# Geometry :

Subject: Re: [geometry] Group Nearest Neighbour queries using nearest() predicate
From: Adam Wulkiewicz (adam.wulkiewicz_at_[hidden])
Date: 2014-03-29 07:52:20

Hi,

oliveoil_s wrote:
> Thank you so much for your reply . Actually the research in the following
> paper might answer some of your questions

Thanks, I'll look at it.

>> // assuming you multipoint supports initializer lists
>> bgi::nearest(my_multi_point{point(0,0),point(100,30),point(200,60)}, 5)
>> Still this call will return 5 Values closest to any of those points.
> In case of group knn the nearest neighbour query will return those
> neighbours which have the smallest group distance from the set of query
> points .
> Let's consider we have 3 query points q1,q2,q3 for which we are searching
> the group NN, for a point p to be the group nearest neighbour of these 3
> points the distance=(dist(p,q1)+dist(p,q2)+dist(p,q3)) should be the minimum
> that any other point .

This won't work like this. In this default case the distance() between
geometries will be calculated. I hope it will be possible in 1.56 (not
sure yet) to pass various geometries to the nearest() query. E.g. Box,
Segment, MultiPoint, etc.

OGC which we're conformant with defines distance as "the shortest
distance between any two Points in the two geometric objects as
calculated in the spatial reference system of this geometric object". So
the default behavior in the case of MultiPoint/Point would rather be:

distance=min(dist(p,q1),dist(p,q2),dist(p,q3))

>>> There are other functions like sum,max,min,range query for group of
>>> points.
>>> Are those already supported in boost ?
>>>
>> I assume that:
>> - sum returns Values for which the sum of distances with all points is
>> the smallest one?
>> - min works like the default query
>> - should max return the furthest Value for any of those points?
> you are right .
>
>> - should range return the closest values but this distance should be in
>> some range?
> Actual Range query returns all the points that are within a range (distance)
> from a given point .
> Let we want to do a range query for point (0,0) with range 10 in the r-tree
> .
> we will search in the r-tree for all the points that has distance<=10 with
> point(0,0) .
>
> Actually as you said , generalization is major issue here . These query
> should also support Box's and that will be a great challenge .

Yes, for areal/volumetric objects there are many ways to calculate
distances. So many, that I decided to NOT support each single case (by
providing a special function) because it would obscure the interface.
The user should just be able to pass some predicates.

This way the nearest() predicate could be used with the other
primitives, even types not adapted to BG. E.g. to get 5 first objects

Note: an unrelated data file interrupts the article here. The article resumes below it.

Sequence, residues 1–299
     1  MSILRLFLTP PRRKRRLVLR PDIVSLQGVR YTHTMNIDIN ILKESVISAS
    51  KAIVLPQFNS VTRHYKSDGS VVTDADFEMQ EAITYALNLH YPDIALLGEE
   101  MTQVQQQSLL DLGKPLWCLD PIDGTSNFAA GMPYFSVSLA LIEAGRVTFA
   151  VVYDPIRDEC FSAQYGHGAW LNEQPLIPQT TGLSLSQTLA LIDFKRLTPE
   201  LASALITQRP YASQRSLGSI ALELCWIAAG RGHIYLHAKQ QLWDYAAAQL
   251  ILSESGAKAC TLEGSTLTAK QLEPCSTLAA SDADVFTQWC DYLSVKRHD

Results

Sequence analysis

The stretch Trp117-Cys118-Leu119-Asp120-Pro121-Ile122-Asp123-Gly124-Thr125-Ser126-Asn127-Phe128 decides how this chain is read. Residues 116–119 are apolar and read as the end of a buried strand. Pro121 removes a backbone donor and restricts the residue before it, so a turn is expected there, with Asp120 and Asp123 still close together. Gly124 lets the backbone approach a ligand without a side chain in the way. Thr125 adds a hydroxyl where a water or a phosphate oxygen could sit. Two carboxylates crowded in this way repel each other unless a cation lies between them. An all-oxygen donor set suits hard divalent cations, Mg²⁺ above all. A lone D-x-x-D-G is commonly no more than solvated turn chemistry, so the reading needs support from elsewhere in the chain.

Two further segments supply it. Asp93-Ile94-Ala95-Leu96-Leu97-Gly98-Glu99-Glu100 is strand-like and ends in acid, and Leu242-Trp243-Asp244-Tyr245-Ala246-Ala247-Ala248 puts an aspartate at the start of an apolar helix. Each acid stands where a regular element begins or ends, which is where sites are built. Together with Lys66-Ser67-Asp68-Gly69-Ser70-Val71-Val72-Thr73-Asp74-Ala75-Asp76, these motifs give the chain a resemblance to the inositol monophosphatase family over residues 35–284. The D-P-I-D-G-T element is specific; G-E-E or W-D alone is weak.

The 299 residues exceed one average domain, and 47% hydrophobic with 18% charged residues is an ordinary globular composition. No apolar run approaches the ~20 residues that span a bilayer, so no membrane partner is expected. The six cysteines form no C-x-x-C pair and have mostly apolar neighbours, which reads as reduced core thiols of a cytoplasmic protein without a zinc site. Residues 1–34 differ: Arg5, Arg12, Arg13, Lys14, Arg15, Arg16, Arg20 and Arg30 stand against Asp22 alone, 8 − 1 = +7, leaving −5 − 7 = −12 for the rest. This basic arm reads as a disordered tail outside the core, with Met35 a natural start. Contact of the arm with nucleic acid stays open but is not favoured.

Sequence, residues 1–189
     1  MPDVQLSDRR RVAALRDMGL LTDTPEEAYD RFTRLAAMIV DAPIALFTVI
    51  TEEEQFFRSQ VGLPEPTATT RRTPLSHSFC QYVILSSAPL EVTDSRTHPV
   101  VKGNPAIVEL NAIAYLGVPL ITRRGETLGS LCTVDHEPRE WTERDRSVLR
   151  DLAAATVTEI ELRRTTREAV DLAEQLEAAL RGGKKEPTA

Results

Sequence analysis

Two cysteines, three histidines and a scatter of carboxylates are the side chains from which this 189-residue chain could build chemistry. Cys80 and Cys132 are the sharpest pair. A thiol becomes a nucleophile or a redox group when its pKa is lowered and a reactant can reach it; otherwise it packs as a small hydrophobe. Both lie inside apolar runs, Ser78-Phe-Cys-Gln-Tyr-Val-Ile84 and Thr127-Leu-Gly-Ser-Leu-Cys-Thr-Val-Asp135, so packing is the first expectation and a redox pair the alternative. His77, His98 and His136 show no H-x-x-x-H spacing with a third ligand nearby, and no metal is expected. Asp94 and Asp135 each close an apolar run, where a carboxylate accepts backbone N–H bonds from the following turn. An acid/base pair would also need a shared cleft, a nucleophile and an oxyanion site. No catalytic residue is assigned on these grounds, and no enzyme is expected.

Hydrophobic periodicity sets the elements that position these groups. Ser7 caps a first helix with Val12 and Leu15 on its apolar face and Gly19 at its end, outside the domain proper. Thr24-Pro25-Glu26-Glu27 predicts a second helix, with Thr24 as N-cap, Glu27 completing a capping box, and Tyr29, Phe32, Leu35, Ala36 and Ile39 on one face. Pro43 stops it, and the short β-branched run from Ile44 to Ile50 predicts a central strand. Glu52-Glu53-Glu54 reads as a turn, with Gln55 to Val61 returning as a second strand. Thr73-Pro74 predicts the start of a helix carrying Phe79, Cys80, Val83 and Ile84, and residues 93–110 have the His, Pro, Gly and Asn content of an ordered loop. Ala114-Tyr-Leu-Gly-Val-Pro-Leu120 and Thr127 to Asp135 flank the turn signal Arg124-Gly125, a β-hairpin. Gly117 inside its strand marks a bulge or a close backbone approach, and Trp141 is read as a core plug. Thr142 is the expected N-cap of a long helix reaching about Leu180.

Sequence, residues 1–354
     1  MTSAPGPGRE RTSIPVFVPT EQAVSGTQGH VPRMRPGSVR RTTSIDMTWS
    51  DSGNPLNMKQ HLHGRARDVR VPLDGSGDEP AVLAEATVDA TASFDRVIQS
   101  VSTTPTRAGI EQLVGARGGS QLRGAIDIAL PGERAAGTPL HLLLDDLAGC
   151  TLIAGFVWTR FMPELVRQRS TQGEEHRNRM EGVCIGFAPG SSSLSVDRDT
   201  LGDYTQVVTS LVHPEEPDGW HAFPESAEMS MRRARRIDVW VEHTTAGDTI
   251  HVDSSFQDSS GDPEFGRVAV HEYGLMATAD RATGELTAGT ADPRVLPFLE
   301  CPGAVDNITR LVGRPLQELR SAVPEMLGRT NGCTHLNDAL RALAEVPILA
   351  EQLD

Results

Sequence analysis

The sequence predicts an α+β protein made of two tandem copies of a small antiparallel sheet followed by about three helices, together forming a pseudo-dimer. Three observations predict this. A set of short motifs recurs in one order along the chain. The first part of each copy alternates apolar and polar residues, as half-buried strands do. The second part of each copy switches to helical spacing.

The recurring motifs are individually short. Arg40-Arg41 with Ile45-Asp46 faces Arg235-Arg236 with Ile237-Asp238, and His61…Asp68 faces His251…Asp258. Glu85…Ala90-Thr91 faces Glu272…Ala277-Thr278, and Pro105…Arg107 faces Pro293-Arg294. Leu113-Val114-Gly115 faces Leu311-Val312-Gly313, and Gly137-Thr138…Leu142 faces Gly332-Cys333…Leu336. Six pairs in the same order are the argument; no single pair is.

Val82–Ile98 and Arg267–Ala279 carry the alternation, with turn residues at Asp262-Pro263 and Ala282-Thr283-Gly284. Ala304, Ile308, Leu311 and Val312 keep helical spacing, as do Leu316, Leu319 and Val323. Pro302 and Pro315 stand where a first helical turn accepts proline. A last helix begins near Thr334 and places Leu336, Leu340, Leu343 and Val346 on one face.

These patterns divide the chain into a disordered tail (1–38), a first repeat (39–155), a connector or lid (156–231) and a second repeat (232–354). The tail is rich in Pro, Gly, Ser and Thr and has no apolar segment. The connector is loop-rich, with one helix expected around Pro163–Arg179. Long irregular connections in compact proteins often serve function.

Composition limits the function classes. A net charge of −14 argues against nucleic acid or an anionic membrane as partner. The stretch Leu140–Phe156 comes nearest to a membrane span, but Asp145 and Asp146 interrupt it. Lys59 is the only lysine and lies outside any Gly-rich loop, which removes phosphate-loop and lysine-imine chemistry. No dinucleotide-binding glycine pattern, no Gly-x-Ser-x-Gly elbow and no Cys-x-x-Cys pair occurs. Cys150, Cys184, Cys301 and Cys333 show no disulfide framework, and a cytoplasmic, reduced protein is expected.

hit by some Ray (or a Segment). Here the distance also must be
calculated but in a different way.

>> And probably (for ranges, rays, paths)
>> 4. If the Value (checked using Indexable or Value?) should be analysed
>> 5. If the Node (checked using Box) should be analysed
> I don't get this part , What do you mean by Indexable/Value/Box ?

As you probably know, in our implementation of the rtree we may store
arbitrary types, e.g. Box, std::pair<Box, size_t>, MyType, etc. They're
stored directly in the leafs of the rtree, in the STL those types are
called value_types so I call them Values for short.

Now, the rtree must know how to handle the Value, so must know how to
retrieve some object of a Geometry type (currently only Points and
Boxes) bound with the Value. This is the Indexable, it defines the
geometrical properties of an object. By default the
index::indexable<Value> function object is used for this but you can
also pass user-defined IndexableGetter to the rtree.
See:

and

It's possible that the user would like to access other data stored in
the Value to calculate the distance. E.g. if he stored std::pair<Box,
Id> he could access some container by Id to get additional data or he
could access some member of his Value type. This additional data
couldn't be obtained from the Indexable type which describes only the
geometrical properties. Though I'm not sure if this is really needed.

E.g. see how satisfies() predicate works:
http://www.boost.org/doc/libs/1_55_0/libs/geometry/doc/html/geometry/spatial_indexes/queries.html#geometry.spatial_indexes.queries.user_defined_unary_predicate

And Box is just an AABB of a Node. It's a different case than the one
above. The user probably shouldn't have access to the node besides
node's AABB. That's why I signal that just a Box should be passed to the
user's predicate.

Regards,
Adam

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